Nightwish & Beast in Black – Manchester Arena 11th December 2018

Nightwish live at the Manchester Arena on December 11th 2018. ©Johann Wierzbicki | ROCKFLESH
Spread the metal:

Nightwish & Beast in Black

Manchester Arena

11th December 2018
Review by Gavin Lowrey

This gig marked the final show in Nightwish’s 3 date trek across the UK in support of their “Decades” greatest hits offering.

Being the furthest north of the shows, I’m sure it was anticipated that the date would bring in people from the North East and Scotland, but this turned out not to be the case as it seemed to be a local affair.

Speaking of all things Manchester, the Security at the MEN arena has to be addressed as part of this article.

We are all aware of the horrific events that happened on the night of the 22nd November 2017, following the Airanna Grande show, and that every decent human being must act in a way to make sure that nothing like this ever happens again. However, the attitude shown to myself (as well as other photographers) by the security staff was nothing short of disdainful, churlish and, towards me in particular, abusive.

If what was said to me by the “head of security” was uttered in Scotland, it would be classed as a Sectarian Breach of the Peace and a prosecutable action.

Every venue is a potential terror target, however once you have emptied someone’s cameras and lenses out of their camera box, stripped the foam protection from the box and inspected the photographer’s pen, notepad & glasses, you’d think that all potential security threats would have been identified, but not there.

Overkill is not the way to go and they need to adopt the approach that is used in the Hydro in Glasgow for example, where the photographers cameras & bags are stored at security when not in use and not left outside for any Tom, Dick or Harry to steal.

Due to these security shenanigans akin to boarding a flight to JFK, I missed the support act, Beast in Black, who by all accounts gave a good account of themselves in front of a very pro-Nightwish audience.

Speaking of Nightwish, there’s a definite attitude of “you will pay attention and watch us!”, as all bars and merch stalls are closed 10 minutes before their set starts, and in the intro there’s a “turn off your phones” message akin to being in the cinema

Troy Donockley initiated proceedings with uilleann pipes leading into the opener “Dark Chest of Wonders” and with pyro aplenty we were off!

Vocalist Floor Jansen loves a good headbang and is vocally on top form, not missing even the highest of high notes mere mortals like us can even dream about, and for someone as confident and in control as this, it’s a surprise to hear the Dutch woman in the deathly quiet in between some of the songs to come out with things like “I don’t know what you want me to say, my English isn’t that good!”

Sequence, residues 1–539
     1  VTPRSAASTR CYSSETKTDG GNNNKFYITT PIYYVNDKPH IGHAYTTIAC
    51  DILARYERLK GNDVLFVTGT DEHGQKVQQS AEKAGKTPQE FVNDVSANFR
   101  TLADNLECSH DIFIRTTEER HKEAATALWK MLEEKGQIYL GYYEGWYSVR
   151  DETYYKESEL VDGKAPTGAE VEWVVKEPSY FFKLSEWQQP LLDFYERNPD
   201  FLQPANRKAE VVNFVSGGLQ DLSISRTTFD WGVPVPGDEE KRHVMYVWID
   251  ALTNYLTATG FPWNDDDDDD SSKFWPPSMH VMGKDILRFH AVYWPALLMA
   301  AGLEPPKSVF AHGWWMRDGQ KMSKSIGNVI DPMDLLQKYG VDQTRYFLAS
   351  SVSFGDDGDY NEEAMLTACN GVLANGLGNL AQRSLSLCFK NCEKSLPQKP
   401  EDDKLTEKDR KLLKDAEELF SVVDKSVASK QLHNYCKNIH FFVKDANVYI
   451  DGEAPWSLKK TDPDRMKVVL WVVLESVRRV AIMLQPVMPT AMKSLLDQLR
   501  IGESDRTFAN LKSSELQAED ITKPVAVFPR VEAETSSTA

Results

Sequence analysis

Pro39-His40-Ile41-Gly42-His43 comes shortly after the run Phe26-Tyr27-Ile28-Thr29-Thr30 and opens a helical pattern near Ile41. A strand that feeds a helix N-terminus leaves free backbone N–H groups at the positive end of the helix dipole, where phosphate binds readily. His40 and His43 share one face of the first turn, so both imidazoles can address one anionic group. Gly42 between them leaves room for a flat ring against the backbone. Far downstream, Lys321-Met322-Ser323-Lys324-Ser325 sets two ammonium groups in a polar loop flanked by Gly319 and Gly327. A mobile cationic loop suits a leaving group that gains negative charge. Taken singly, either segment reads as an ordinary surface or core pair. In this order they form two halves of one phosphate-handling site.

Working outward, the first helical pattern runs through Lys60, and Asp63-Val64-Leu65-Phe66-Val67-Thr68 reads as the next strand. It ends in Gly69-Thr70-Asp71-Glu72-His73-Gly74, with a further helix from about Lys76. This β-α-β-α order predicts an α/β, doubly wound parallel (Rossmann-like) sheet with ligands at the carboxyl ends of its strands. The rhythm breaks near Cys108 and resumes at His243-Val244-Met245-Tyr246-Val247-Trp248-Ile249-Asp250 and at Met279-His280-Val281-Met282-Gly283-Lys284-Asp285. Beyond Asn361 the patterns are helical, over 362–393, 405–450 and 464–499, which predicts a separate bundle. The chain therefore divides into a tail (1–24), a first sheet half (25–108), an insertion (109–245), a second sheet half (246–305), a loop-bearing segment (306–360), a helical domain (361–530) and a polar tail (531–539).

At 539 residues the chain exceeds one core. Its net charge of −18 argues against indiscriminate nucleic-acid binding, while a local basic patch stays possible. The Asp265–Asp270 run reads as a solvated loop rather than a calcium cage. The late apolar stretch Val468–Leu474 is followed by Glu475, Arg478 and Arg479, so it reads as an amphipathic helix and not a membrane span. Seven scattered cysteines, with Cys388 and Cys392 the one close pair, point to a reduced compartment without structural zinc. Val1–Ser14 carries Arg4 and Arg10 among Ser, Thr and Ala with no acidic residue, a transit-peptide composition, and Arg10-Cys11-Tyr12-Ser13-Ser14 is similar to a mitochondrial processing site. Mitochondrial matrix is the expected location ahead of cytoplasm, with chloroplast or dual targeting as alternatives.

Your English is more understandable than mine my dear, and to be honest, you could have read the menu from the (closed) bar and you would have gotten a cheer!

The arena is at best half full and things really don’t start warming up until the band launch into “Elan”, sixth on the setlist.

So, here’s the quandary, venue wise: Nightwish wanted to use a bigger one to accommodate the stage set & pyro, but were never going to sell it out even at a reduced capacity, so why not compromise a few more LEDs and pyro to play to a sold out packed venue? With lots of noise? The Apollo along the road holds 3,500 and can handle the pyro, why not use that?

Tuomas Holopaninen’s multi instrumental skills come to the fore during “Dead Boy’s Poem”, but the only real fever pitch point of the evening is reached when “I Want My Tears Back” is belted out.

Musically, Nightwish are perfect, not a note out of place. Empu Vuorinen’s guitar solos are particularly impressive, but some of the song selections, although good songs, were not real ‘get out of your seat and rock out’ numbers.

The inclusion of more songs from Century’s Child, a rockier album, may have cured that problem as there was definite “pipe & slippers” attitude on display from the crowd, although the inclusion of “The Carpenter” from their first album showed how many long term fans were actually present.

After “Devil and the Deep Dark Ocean”, crowd excitement and participation was just about getting to a point where you could say that you were actually at a rock show, although only just.

“Slaying the Dreamer” and “The Greatest Show on Earth” remind me of the kind of performance that the band can give, with an enthusiastic participating audience.

I’ve seen Nightwish 3 times, all abroad, once in Finland and twice at Hellfest in France, and the shows that I saw then were considerably different to one tonight. Maybe it’s the audience not responding to the vibe, I don’t know.

By all accounts, their London show on this same tour was a smasher, so it could have been the crowd, it could just have been an off day.

For the diehards out there, it was a good show, but for the fans just landing on Planet Nightwish, it may not have you wanting to return.